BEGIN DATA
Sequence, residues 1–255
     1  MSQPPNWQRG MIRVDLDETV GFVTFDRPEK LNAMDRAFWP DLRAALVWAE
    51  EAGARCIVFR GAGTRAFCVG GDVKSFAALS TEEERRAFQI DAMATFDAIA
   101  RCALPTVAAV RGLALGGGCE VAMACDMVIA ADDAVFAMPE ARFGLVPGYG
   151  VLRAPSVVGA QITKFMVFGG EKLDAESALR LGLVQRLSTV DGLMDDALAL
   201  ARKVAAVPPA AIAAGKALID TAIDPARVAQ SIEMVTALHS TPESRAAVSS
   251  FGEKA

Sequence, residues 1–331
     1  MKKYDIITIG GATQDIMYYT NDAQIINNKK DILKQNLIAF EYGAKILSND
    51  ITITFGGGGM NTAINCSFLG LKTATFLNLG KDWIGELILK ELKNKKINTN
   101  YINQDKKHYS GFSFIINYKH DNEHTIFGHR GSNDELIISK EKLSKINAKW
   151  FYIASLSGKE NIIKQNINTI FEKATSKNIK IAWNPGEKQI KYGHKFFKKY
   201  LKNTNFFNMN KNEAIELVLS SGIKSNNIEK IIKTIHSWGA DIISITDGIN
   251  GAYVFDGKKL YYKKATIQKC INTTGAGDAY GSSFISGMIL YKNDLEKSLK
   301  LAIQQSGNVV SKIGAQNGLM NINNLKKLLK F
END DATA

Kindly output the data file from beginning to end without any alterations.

Sequence, residues 1–255
     1  MSQPPNWQRG MIRVDLDETV GFVTFDRPEK LNAMDRAFWP DLRAALVWAE
    51  EAGARCIVFR GAGTRAFCVG GDVKSFAALS TEEERRAFQI DAMATFDAIA
   101  RCALPTVAAV RGLALGGGCE VAMACDMVIA ADDAVFAMPE ARFGLVPGYG
   151  VLRAPSVVGA QITKFMVFGG EKLDAESALR LGLVQRLSTV DGLMDDALAL
   201  ARKVAAVPPA AIAAGKALID TAIDPARVAQ SIEMVTALHS TPESRAAVSS
   251  FGEKA

Sequence, residues 1–331
     1  MKKYDIITIG GATQDIMYYT NDAQIINNKK DILKQNLIAF EYGAKILSND
    51  ITITFGGGGM NTAINCSFLG LKTATFLNLG KDWIGELILK ELKNKKINTN
   101  YINQDKKHYS GFSFIINYKH DNEHTIFGHR GSNDELIISK EKLSKINAKW
   151  FYIASLSGKE NIIKQNINTI FEKATSKNIK IAWNPGEKQI KYGHKFFKKY
   201  LKNTNFFNMN KNEAIELVLS SGIKSNNIEK IIKTIHSWGA DIISITDGIN
   251  GAYVFDGKKL YYKKATIQKC INTTGAGDAY GSSFISGMIL YKNDLEKSLK
   301  LAIQQSGNVV SKIGAQNGLM NINNLKKLLK F